pmuellr is Patrick Mueller

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Friday, October 12, 2007

on links

When people think about links, with regard to tying together information on the web, the usual thoughts are of URLs. Either absolute URLs, or a URL relative to some base (either implicitly the URL of the resource that contains the link, or explicitly via some kind of xml:base-like annotation).

But I wrestle with this.

Here's one issue. Let's say I have multiple representations of my resources available; today you see this typically as services exposing data as either JSON or XML. If that representation includes a link to other data that can be exposed as either JSON or XML, do you express that link as some kind of "platonic URL"? Or if you are doing content-negotiation via 'file name extension' sort of processing, does your JSON link point to a .json URL, but your XML link point to a .xml URL?

See a discussion in the JSR 311 mailing list for some thoughts on this; I stole the term "platonic URL" from this discussion.

The godfather had something interesting to say in a recent presentation. In "The Rest of REST", on slide 22, Roy Fielding writes:

Hypertext does not need to be HTML on a browser
- machines can follow links when they understand the data format and relationship types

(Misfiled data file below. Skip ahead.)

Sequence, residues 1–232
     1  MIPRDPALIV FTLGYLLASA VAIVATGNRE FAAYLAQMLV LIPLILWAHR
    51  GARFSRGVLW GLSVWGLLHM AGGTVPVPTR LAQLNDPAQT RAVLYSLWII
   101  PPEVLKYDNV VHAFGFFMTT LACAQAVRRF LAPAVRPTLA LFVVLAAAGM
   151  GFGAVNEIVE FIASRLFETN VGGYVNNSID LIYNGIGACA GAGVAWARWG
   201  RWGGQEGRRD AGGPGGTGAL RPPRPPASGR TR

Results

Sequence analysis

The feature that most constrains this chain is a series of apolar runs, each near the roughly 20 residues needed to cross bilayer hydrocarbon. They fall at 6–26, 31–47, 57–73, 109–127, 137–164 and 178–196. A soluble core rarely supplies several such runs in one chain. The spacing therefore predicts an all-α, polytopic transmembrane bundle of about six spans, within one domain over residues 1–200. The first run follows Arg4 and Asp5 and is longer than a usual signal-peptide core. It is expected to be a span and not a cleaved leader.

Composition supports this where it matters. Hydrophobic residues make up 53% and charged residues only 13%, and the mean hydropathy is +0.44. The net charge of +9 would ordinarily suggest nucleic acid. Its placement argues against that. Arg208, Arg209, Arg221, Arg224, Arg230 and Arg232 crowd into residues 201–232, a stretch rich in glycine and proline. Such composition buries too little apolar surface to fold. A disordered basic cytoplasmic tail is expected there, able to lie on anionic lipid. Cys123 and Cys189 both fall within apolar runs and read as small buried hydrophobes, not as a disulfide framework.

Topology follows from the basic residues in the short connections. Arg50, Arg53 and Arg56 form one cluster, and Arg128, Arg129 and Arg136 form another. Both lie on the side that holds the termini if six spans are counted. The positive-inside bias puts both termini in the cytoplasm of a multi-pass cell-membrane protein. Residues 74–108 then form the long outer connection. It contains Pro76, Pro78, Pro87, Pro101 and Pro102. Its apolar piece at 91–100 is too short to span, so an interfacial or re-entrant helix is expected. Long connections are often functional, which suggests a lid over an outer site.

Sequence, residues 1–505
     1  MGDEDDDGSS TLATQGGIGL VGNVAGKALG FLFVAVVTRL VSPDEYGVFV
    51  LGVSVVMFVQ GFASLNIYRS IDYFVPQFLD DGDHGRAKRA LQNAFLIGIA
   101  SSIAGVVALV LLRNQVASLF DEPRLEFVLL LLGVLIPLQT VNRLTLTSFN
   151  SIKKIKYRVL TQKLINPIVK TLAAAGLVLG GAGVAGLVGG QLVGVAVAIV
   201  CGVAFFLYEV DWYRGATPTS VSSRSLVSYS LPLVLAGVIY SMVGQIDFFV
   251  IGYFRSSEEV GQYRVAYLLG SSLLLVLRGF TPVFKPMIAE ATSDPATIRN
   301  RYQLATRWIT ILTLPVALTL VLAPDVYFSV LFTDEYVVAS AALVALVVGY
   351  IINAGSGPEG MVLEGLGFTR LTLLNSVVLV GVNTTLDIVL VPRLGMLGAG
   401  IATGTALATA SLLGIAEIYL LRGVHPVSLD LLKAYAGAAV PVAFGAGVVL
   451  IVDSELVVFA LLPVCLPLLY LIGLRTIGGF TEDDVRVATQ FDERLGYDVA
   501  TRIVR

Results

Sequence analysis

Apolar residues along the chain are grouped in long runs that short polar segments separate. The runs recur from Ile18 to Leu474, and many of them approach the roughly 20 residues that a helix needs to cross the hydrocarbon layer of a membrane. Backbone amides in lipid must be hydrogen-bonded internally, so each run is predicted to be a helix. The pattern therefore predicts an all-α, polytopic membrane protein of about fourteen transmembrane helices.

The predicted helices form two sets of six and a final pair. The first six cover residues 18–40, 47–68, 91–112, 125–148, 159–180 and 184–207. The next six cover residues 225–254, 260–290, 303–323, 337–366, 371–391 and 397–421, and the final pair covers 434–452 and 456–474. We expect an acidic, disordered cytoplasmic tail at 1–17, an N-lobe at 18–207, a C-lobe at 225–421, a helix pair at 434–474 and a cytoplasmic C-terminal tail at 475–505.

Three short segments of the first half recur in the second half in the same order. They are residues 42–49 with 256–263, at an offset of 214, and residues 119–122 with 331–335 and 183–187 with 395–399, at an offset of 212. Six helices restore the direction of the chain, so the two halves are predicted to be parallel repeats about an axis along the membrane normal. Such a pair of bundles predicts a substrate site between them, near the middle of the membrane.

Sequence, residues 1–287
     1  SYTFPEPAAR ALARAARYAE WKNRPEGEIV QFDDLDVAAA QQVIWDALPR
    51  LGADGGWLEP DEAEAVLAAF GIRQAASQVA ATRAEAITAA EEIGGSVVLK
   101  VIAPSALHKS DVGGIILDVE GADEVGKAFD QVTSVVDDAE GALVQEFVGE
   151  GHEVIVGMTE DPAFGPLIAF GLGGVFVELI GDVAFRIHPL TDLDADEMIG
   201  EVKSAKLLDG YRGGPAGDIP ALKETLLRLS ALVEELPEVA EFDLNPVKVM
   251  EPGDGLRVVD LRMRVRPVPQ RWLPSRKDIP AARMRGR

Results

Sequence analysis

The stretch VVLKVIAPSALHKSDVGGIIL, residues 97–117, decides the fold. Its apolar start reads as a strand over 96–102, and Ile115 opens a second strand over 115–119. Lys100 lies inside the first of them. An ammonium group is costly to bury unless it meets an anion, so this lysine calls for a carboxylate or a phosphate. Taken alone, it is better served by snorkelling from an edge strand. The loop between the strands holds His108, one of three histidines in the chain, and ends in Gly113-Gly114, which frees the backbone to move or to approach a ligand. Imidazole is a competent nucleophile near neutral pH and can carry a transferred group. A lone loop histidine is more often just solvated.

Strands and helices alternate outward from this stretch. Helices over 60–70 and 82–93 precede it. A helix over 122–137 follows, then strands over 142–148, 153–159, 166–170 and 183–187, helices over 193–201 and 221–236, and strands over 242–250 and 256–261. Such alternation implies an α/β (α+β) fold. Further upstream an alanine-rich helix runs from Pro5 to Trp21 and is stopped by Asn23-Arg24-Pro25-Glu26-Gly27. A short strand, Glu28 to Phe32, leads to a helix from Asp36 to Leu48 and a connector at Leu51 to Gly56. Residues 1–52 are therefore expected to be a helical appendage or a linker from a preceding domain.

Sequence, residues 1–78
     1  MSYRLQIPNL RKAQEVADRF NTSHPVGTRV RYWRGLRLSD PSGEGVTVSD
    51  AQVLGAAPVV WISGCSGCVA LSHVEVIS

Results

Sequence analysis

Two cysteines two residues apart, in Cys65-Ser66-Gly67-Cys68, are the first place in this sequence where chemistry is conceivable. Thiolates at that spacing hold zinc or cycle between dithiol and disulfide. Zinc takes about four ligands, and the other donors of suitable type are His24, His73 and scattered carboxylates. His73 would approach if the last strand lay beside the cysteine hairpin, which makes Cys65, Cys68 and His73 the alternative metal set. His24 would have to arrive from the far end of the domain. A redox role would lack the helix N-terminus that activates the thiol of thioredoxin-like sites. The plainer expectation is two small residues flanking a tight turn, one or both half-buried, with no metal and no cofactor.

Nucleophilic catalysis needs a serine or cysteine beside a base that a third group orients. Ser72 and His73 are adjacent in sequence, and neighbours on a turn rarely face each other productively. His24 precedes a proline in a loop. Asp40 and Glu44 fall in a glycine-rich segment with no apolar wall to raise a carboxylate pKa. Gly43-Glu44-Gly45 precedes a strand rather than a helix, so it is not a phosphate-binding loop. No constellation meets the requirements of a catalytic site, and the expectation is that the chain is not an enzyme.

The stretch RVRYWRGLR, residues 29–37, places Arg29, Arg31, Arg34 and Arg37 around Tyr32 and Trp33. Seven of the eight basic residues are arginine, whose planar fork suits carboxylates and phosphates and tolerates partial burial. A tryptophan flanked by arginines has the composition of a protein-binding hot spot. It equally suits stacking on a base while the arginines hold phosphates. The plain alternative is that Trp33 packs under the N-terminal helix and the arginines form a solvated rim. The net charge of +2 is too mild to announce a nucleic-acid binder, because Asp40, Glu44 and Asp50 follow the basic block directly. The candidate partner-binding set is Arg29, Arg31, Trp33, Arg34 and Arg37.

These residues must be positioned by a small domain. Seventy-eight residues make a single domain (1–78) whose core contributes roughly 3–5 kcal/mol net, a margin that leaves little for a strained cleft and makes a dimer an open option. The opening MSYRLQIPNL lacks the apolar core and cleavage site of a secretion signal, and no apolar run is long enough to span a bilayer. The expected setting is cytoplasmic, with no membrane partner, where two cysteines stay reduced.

Where's the URL? Perhaps tying links to URLs is a constraint we can relax. Consider, as a complementary alternative, that just a piece of data could be considered a link.

Here's an example: let's say I have a banking system with a resource representing a person, that has a set of accounts associated with it. I might typically represent the location of the account resources as a URL. But if I happen to know, a priori, the layout of the URLs, I could just provide an account number (assuming that's the key). With the account number, and knowledge of how to construct a URL to an account given that information (and perhaps MORE information), the URL to the account can easily be constructed.

The up-side is that the server doesn't have to calculate the URL, if all they have is the account number. They just provide the account number. The notion of content-type-specific URLs goes away; there is only the account number. The resources on the server can be a bit more independent of themselves; they don't have to know where the resource actually resides, just to generate the URL.

Code-wise, on the server, this is nice. There's always some kind of translation step on the server that's pulling your URLs apart, figuring out what kind of resource you're going after, and then invoking some code to process the request. "Routing". For that code to also know how to generate URLs going back to other resources, means the code needs the reverse information.

The down-side, of course, is that you can't use a dumb client anymore; your client now needs to know things like how to get to an account given just an account number.

And just generally, why put more work on the client, when you can do it on the server? Well, server performance is something we're always trying to optimize - why NOT foist the work back to the client?

But let's also keep in mind that the Web 2.0 apps we know and love today aren't dumb clients. There's user-land code running there in your browser. Typically provided by the same server that's providing your resources in the first place. ie, JavaScript.